Sexiest car in the world, eh? That’s what the experts say, according to Alfa Romeo.
This review was originally published in MOTOR’s October 2006 issue
Indeed, the new Alfa Romeo Brera looks bellissimo. The retro-infused signatures (front overhang, 18-inch clover rims) are undeniably classic Alfa Romeo, while exterior features and details (lights, grille, handles, mirrors, indicators) are superb.
And although some beauty is lost in designer Giorgetto Guigario’s own translation from concept to production reality, Brera’s low squat proportions, and road presence, are effortlessly commanding. On appearance alone, it’s an ideal spearhead for the Alfa Romeo range, with enough character to fill Italy’s Lake Como.
And then you pop the bonnet.
Instead of chrome pipe work, the engine bay merely celebrates plastic-wrapped modern pragmatism. While Holden has implied parenthood of the 191kW 3.2 V6, Alfa Romeo maintains that it’s only the engine’s block, and that the heads, pistons, induction and exhaust are distinctly Italian.
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No, the Brera V6 donk doesn’t sound like a VE Berlina, but a fiery Italian character fails miserably to hail from Brera’s quad tailpipes when you poke the starter button. Outputs have more herbs than Nona’s bolognaise, robust and workmanlike compared with the four-banger front-drive 2.2 version and the sort of low urge that diesel-nurtured Europeans are largely becoming accustomed to. But I’d easily trade a swathe of the 3.2’s torque for some top-end zing and some throaty sonic celebration. It’s a more ideal combo for a 159 sedan or Sportswagon which, unsurprisingly, is exactly the case.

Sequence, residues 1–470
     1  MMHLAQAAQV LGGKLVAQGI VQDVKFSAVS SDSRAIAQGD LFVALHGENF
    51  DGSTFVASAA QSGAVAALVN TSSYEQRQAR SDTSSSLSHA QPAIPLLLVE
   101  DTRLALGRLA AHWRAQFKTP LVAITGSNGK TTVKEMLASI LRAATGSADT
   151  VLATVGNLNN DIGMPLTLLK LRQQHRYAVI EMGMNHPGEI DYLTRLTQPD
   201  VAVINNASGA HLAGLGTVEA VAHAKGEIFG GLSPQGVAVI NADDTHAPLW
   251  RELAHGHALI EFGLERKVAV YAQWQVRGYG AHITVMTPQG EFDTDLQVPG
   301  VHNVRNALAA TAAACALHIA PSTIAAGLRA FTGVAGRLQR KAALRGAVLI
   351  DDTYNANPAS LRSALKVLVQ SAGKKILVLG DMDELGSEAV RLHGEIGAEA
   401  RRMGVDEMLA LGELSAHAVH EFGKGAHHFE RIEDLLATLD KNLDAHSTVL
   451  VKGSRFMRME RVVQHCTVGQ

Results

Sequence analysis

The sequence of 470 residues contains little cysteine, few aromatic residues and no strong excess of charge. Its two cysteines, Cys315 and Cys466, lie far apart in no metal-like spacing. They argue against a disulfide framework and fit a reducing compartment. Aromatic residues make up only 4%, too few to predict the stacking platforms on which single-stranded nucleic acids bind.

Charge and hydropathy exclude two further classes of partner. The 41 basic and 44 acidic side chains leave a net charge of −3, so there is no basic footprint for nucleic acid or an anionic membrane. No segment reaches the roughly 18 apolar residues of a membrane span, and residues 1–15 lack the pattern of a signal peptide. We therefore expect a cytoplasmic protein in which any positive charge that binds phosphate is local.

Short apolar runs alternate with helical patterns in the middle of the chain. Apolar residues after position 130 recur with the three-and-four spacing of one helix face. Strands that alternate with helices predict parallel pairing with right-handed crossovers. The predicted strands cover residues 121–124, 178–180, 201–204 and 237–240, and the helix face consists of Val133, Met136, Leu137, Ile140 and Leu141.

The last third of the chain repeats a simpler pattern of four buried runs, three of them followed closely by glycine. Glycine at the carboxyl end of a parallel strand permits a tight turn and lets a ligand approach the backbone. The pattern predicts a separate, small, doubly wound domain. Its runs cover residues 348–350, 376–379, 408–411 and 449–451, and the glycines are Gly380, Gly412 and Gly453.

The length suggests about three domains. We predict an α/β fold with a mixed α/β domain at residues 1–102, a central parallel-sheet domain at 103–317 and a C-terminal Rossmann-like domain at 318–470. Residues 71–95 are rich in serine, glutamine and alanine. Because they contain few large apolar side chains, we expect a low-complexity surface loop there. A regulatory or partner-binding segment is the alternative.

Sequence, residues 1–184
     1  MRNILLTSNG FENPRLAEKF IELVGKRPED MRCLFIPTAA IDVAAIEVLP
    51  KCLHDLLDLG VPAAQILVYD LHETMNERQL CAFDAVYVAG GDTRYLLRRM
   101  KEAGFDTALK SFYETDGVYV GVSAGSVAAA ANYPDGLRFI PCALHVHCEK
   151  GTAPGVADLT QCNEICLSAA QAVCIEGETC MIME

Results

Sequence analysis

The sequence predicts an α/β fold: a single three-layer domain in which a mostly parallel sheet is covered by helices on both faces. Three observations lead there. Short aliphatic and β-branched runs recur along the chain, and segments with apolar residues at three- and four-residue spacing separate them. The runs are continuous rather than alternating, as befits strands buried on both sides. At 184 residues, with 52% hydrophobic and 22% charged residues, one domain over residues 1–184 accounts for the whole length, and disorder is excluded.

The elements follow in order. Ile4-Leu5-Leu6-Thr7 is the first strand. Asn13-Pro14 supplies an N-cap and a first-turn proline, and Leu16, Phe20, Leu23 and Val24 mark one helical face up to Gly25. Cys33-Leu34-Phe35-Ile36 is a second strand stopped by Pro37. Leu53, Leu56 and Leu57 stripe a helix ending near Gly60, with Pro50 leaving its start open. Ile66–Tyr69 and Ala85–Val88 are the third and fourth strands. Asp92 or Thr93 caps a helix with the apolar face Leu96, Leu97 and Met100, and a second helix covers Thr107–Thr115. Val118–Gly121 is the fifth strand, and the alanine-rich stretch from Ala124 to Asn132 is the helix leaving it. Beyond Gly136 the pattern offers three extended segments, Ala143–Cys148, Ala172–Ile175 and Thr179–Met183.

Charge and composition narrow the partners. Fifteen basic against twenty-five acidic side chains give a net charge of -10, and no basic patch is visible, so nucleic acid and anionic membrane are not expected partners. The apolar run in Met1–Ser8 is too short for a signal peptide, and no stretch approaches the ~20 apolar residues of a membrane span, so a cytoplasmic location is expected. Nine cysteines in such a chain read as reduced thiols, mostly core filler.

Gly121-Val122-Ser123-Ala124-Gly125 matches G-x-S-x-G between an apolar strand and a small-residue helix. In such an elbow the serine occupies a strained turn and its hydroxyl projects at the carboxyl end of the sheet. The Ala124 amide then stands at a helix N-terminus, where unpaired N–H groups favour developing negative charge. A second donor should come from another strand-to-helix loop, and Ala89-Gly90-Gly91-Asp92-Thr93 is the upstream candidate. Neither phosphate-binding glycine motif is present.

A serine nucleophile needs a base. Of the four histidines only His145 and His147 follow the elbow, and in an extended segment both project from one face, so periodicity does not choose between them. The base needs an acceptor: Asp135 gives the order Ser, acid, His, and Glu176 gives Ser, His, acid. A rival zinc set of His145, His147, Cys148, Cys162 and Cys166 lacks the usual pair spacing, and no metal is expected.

The Q4 all-wheel drive’s Torsen centre diff has a natural rear-biased 43/57 torque split, but Big Brera feels nose-heavy and understeery – a result, no doubt, of hanging the V6 in front of the front axle line. That said, the coupe is more nimble than the longer-wheelbase 159 it shares underpinnings with.
Brera is brisk over twisty stuff, although it eats blacktop with safe assurance rather than spine-tingling sporty liveliness. At 1630kg, the 3.2 adds 160kg over the Brera 2.2 JTS. As a result, the armada of chassis and braking smarts keeping tabs on the heftiness robs an ultimate sense of driver engagement.
Yes, it’s a confident performer: quick and accurate steering, prodigious Brembo anchors, excellent feel from the six-cog manual ’box, and supreme corner exit tractability. It just wants for more spirit and liveliness.
The cabin compensates by injecting a leather-and-metal retro-infused Alfa vibe. Mind you, it’s far from flawless. No seat height adjustment means your head hits the low-slung and very cool tinted glass roof, and lateral body support is minimal.
But, jeez, the seats look a million bucks in old-school currency, even if no amount of Da Vinci-like genius will make 2+2 equal any more than strictly two adults. Flawed, yes, but at least it’s infused with character. The main gripe inside? From behind the tiller it doesn’t feel like a $94,950 car.
And that’s Brera 3.2 V6’s measure: whether the smart money ultimately adds up. Or not. Even before factoring in Audi TT and BMW 3-Series coupe, there are other lures within the Alfa Romeo fold. For car porn looks, the $25k-cheaper Brera 2.2 JTS is (barring wheel style) almost indistinguishable inside and out. For poke, you’d save 20 large by opting for an equally horny, if more mundane, 159 3.2 V6. And then there’s GT 3.2, at $79,990…
Sex sells, or so the experts claim. But for $95 large you’d want to believe that the 3.2 V6 Brera really is the sexist car in the world, and accept that it’s merely smouldering. Bring on a hotter GTA version, Alfa Romeo.
Straight from the archives on classic MOTOR
2006 ALFA ROMEO BRERA SPECS
Engine: 3.2-litre, V6 24-valve DOHC